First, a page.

4/1/2014 8:52 P.M. ET
Santana could make final Minors start this week
By Mark Bowman / MLB.com
MILWAUKEE -- While Mike Minor and Gavin Floyd are still in the early stages of their rehab stints, Ervin Santana will make what could be his final Minor League start this week.
Braves pitching coach Roger McDowell said Santana is scheduled to complete up to six innings for Triple-A Gwinnett in Friday's game against Durham. If Santana gets his pitch count up around 100 and exits the outing feeling strong, there is a chance he could start Atlanta's April 9 game against the Mets.
Since signing Santana to a one-year, $14.1 million contract on March 12, the Braves have said they would not rush him through his preseason preparations. Thus, manager Fredi Gonzalez said there is still a chance Santana's debut might not come until the April 14 series opener in Philadelphia.
Minor, who was behind schedule during Spring Training because of a Dec. 31 urinary tract procedure, and Floyd, who is attempting to return from Tommy John surgery, are both in line to potentially join Atlanta's rotation at some point after April 21.
While Minor will attempt to complete three innings for Double-A Mississippi on Thursday, Floyd will be in Durham attempting to do the same for Gwinnett. The two pitchers are currently scheduled to complete four innings in piggyback fashion for Gwinnett on April 8.
Schlosser shows why he's an asset in Majors debut
MILWAUKEE -- As Spring Training neared its end and it became apparent he would begin the season at the Major League level, Gus Schlosser maintained his stoic, even-keeled approach. But Schlosser was reminded that he is human as he dealt with the nerves that he felt before making his Major League debut in Monday's 2-0 Opening Day loss to the Brewers.
Once Julio Teheran completed his six innings of work, the Braves assigned southpaw Ian Thomas to face the two left-handed hitters -- Lyle Overbay and Scooter Gennett -- the Brewers sent to the plate to begin the bottom of the seventh. As this transpired, Schlosser knew he would enter as soon as a right-handed hitter came to the plate.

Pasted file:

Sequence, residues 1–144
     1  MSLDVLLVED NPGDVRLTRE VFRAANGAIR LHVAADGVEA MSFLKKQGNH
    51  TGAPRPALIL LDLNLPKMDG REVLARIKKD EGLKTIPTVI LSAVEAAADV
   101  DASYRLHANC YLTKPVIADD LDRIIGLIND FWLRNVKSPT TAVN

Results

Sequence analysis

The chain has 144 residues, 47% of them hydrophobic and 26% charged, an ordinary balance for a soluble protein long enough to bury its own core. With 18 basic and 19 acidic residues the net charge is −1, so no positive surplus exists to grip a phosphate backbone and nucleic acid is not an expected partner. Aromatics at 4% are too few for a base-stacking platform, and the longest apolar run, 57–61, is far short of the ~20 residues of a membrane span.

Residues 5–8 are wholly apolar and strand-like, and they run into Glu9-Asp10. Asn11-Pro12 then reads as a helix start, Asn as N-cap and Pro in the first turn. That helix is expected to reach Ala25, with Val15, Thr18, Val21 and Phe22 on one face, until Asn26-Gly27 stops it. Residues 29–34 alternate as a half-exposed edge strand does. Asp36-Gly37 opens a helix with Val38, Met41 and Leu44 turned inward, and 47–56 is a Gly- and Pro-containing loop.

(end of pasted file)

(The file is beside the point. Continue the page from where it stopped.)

"I was pretty [darn] nervous," Schlosser said. "I might have hid it well. You've got to expect it. The [veteran] guys in the bullpen told me to just keep breathing. It helped a lot."
After Gennett ended Thomas' debut with a single, Schlosser entered and promptly got Rickie Weeks to ground into an inning-ending double play.
Schlosser could be utilized as a long reliever or potentially return to Triple-A Gwinnett to fortify the organization's depth in the starting pitching department. But the Braves also recognize that his ability to sink the ball with his sidearm delivery could make him a valuable asset during the middle innings.
"It's all relative," Schlosser said of the different roles he could encounter. "You either make pitches for a hitter or you make pitches for seven innings. Whatever they need me to do, I think I'll be fine."
Fredi reflects on historic overturned call
MILWAUKEE -- Because it was something he had never experienced during any of his previous seven seasons as a Major League manager, Fredi Gonzalez said it felt like he was on the field for at least 10 minutes when he challenged first-base umpire Greg Gibson's call during the sixth inning of Monday's Opening Day loss to the Brewers.
But once he had time to review the sequence of events, Gonzalez learned that just one minute and 38 seconds elapsed from the end of the disputed play until the umpiring crew overturned the call after the play had been reviewed by an umpire in Major League Baseball's Replay Operations Center.
The decision to reverse Gibson's original ruling that Brewers outfielder Ryan Braun beat third baseman Chris Johnson's throw to first base proved to be historical. It will forever stand as the first call overturned through the use of MLB's expanded replay system, which was first utilized on Monday.
"It worked exactly the way they wanted it to work," Gonzalez said. "It just didn't feel like baseball. It felt weird. When you come out of the dugout, you're looking to protect your players, you're looking to yell at the umpire or get into a confrontation. But that never even occurred. [Gibson and I] were like two civil guys talking."
As he briefly conversed with Gibson in front of the first-base bag, Gonzalez stalled long enough for his replay coordinator Horacio Ramirez to review the play in the clubhouse and then quickly inform bench coach Carlos Tosca that the play should be challenged.
Gonzalez found it comical that some fans and at least one of his own players were confused when the challenge was issued after Tosca provided a thumb-down sign that was caught by television cameras. While a thumb-up sign might have seemed more appropriate, Gonzalez said all that mattered was that he and Tosca were on the same page.
"Does it matter what he does?" Gonzalez said. "It's something we came up with. It could have been take your hat off or whatever. That's something we came up with. It's nothing. It's just a sign."
Mark Bowman is a reporter for MLB.com. This story was not subject to the approval of Major League Baseball or its clubs.